Know thyself – the game-show
Admittedly, “Know thyself” is not the most innovative advice. What it lacks in innovation, however, it makes up for in usefulness, apparent simplicity, and real difficulty. I have made up this game show where contestants answer questions about someone’s character, preferences, abilities – like those wedding shows where spouses’ knowledge of each other is tested – only the twist is they have to answer questions about themselves. How many pages of a novel can you read in an hour? When’s your most productive time? What’s the best way for you to organize your work? If you had asked me these questions during the first year of my undergrad, I would have answered: 60 pages; late at night; and “I can’t organize my work. I am naturally unorganized. This is who I am.” Then – provided you had asked me these questions during my amazing game-show – there would have been a loud buzzing sound and big pink signs flashing the words “wrong. wrong. wrong.”.
The reason I would have failed at my game-show is that self-knowledge pretends to be innate but isn’t. While you need to talk to other people and observe them in order to know them, you’d think you’d know yourself simply by being yourself. Well obviously that logic is flawed. I know my SO’s favourite food because I asked him (it’s bread with butter and jam, in case you were wondering) but I should know my own because, well, it’s my favourite food. But actually, I think, if I do know what my favourite food is at all, it is because someone has asked me. And then I thought about it (although the more I eat, the more difficult it is to answer the question). The biggest problem with the imagined questions in my also imaginary game-show is that people don’t usually do you the courtesy of asking them. If you want to know how many pages you can read in an hour, you will probably have to ask yourself. Worse, you can’t trust your instinct at all. You will actually have to sit down, time yourself, and count pages! Worse still, you will have to do it again, and again, and again. Not only will your first results be hopelessly unrepresentative (yes, you can read 50 pages an hour – if you never take a sip of tea, never go to the loo and never do any kind of procrastination) but your results will also change. Knowing yourself begins with the realization that you do not know yourself. Self-knowledge is an ongoing process that requires constant questioning and observation. (What’s your favourite food again?)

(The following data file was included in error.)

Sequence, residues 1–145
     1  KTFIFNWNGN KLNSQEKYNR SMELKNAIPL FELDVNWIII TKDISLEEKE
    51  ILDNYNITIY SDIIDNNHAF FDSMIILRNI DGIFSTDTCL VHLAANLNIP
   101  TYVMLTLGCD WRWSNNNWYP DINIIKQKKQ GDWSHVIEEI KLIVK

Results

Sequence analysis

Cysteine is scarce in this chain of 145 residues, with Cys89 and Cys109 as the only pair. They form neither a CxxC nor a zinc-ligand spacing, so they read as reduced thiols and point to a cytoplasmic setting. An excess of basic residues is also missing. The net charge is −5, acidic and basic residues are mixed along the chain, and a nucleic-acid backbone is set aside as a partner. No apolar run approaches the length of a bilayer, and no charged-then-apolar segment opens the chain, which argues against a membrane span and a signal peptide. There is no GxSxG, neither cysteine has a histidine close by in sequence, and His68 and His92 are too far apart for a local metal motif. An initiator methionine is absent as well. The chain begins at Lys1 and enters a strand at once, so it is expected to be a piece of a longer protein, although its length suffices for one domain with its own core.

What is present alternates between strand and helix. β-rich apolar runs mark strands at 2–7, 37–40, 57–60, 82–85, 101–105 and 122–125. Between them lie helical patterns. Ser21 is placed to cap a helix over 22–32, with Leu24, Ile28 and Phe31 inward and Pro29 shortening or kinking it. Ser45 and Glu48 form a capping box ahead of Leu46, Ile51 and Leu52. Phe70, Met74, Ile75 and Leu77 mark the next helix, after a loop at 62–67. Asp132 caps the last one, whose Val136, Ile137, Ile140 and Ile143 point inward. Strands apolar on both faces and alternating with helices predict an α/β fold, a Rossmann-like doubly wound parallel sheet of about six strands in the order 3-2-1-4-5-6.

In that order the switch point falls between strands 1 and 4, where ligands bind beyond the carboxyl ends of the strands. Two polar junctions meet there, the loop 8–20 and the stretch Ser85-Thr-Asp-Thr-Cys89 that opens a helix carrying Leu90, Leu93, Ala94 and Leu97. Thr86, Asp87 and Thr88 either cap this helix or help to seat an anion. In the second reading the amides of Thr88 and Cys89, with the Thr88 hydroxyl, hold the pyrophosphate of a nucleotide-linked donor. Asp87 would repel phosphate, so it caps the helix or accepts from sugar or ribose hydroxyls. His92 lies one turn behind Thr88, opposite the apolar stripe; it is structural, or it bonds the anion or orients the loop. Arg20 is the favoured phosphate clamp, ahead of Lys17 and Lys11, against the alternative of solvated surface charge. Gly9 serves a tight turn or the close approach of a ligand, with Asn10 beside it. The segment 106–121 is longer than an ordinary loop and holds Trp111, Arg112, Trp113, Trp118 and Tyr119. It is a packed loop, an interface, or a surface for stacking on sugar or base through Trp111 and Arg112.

Getting to know your organized self